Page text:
So, as it already smells like Christmas, we are going to share with you the 6 spices that, for us, stand out in most Spanish homes.
How could it be otherwise, cinnamon is the spice most used at Christmas, not only present in desserts (better that of Ceylon) but it is also part of the Christmas decoration (for this the best Cassia), giving that homey look that many people take advantage of to make their candles and other decorations for the house.
Tip: Remember that if you are going to use cinnamon for your decorative projects, be it scented candles, soaps or sachets to flavor cabinets and drawers, take the cheapest cinnamon cassia.
Video on how to make a candle with cinnamon stick for this Christmas.
Here you can learn a little more about how to distinguish ceylon cinnamon from cassia cinnamon.
Trick: For all of us who will spend this Christmas eating well above the recommended (it is what these dates have), an infusion of anise starry or green combined with chamomile is the best digestive we can find.
3. Orange blossom
When I was a child I dreamed of January 6, not only for the gifts but for the ROSCÓN. In my house my grandmother used to do it and it is without a doubt one of the richest things I have eaten in my life (why is it only enjoyed on these dates?).
We believe that the tradition of making the roscón at home, should return and with force. There are recipes that explain how to do it (our favorite is undoubtedly this), so we include the flower of orange blossom as one of the most representative spices.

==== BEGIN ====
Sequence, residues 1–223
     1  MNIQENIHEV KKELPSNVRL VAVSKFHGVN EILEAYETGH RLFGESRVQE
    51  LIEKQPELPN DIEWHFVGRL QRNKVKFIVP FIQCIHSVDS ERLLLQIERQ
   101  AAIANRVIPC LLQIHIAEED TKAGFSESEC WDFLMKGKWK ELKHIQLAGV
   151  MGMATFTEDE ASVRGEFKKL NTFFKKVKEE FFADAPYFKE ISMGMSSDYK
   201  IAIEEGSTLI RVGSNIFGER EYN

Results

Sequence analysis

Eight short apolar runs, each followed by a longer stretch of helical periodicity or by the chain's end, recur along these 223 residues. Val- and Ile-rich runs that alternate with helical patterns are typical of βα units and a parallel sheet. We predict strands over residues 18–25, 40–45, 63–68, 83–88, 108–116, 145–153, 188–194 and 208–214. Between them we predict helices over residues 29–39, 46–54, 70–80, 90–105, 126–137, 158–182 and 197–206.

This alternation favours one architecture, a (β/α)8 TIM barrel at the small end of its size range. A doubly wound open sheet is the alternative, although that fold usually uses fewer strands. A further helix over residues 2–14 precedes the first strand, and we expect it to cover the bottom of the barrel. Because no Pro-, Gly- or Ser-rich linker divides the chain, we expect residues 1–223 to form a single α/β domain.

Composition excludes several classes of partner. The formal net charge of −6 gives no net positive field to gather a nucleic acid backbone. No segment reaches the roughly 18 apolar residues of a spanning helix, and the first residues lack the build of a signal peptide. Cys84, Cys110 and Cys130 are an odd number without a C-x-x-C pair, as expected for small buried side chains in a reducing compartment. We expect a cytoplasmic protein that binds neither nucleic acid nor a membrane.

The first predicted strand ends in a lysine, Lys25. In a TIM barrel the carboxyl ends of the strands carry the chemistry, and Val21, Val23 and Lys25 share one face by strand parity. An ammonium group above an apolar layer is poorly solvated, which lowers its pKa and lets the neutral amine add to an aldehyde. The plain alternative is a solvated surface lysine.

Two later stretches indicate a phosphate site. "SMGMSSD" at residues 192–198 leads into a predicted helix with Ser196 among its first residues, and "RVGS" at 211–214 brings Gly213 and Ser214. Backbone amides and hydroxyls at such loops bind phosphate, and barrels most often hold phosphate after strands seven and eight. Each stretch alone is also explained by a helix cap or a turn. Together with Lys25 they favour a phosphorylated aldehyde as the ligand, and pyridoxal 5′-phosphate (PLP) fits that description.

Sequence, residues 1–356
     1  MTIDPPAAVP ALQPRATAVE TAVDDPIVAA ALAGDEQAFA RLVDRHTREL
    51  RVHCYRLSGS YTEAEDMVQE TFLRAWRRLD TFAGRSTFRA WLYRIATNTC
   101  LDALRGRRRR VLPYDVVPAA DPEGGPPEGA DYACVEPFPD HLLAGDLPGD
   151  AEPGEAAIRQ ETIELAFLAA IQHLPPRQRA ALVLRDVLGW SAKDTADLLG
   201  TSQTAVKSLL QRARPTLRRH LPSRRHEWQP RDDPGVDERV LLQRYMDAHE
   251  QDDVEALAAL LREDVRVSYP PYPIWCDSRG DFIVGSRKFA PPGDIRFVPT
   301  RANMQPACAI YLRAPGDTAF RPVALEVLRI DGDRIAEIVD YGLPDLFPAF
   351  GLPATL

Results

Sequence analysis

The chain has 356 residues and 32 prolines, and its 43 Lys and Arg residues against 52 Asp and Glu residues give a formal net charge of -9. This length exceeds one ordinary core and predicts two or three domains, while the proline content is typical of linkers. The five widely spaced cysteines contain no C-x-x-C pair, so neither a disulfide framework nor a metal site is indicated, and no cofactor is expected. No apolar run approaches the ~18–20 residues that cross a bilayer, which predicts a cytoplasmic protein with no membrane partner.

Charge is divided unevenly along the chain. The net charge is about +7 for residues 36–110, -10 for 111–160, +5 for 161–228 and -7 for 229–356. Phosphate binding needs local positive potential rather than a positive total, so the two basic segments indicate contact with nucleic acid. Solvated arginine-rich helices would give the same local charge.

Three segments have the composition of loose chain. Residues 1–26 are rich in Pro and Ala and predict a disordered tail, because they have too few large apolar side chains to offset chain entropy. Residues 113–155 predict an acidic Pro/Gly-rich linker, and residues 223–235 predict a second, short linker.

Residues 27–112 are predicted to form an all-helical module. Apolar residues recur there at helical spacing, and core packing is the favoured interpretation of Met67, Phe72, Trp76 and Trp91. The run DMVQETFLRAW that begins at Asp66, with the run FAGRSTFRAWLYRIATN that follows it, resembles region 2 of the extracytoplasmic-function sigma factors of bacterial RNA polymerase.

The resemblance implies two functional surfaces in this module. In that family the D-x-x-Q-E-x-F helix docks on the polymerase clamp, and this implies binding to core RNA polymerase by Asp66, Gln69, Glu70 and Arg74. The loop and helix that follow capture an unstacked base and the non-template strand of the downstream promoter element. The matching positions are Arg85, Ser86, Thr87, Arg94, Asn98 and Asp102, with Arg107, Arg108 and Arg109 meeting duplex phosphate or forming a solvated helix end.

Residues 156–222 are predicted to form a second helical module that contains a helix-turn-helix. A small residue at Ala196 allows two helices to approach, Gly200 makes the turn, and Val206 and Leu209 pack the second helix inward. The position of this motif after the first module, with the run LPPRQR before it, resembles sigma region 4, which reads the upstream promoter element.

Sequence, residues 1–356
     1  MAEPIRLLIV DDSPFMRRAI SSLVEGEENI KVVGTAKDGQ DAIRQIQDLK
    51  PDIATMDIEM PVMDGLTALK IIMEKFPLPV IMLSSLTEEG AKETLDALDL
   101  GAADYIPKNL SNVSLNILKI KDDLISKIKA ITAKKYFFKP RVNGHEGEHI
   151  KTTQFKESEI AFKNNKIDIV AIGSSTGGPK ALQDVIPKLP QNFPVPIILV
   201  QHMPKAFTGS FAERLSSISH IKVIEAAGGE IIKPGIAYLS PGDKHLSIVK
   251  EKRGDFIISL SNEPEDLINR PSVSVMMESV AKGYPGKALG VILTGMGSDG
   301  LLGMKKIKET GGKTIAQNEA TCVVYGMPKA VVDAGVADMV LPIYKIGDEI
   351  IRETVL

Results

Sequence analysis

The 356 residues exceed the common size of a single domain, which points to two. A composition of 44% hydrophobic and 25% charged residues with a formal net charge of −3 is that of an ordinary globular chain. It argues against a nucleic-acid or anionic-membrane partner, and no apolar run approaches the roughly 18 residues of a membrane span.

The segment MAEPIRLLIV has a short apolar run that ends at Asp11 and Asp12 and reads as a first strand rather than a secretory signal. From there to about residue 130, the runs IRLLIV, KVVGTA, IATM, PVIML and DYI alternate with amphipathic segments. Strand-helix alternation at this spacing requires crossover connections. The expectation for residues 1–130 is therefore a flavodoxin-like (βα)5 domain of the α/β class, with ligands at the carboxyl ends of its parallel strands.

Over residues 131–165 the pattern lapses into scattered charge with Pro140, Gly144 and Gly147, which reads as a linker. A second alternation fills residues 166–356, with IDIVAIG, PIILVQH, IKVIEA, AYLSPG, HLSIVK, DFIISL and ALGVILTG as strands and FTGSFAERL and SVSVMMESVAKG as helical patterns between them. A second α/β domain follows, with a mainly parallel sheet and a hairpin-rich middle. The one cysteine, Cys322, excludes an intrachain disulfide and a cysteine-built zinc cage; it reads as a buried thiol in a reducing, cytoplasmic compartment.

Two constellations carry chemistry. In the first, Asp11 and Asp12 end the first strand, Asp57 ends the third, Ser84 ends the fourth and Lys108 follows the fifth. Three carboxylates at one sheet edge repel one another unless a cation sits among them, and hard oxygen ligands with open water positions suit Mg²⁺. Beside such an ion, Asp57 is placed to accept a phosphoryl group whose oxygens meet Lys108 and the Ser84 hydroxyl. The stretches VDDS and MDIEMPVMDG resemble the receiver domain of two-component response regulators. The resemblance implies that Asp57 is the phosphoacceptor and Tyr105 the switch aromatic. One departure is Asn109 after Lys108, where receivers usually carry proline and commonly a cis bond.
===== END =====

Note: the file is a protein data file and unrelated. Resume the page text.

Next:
Tip: It is very easy to make orange blossom water that you can then use to perfume the house (here you have an example of how to make orange blossom water).
Another one of our favorites: it is used in biscuits, cookies and many other desserts. But the best thing about nutmeg is that it is also very digestive. A little bit of nutmeg added in a ginger tea will work miracles in our battered stomach. And a glass of warm milk perfumed with a little nutmeg, relax and prepare for a restful sleep.
Our favorite tuber is not only used to make very typical gingerbread cookies at Christmas (recipes here, here and here), it is also a good digestive when taken infused in the form of tea. Although personally it makes me a little strong in flavor and I prefer to take it in the form of a cake or cookies.
Perfect match for cinnamon in some desserts, it also serves chewed to combat bad breath (due to its bactericidal effect, among others), something recommended before launching to kiss your family members when they ring the bell this year (preferably chew before taking the grapes just in case).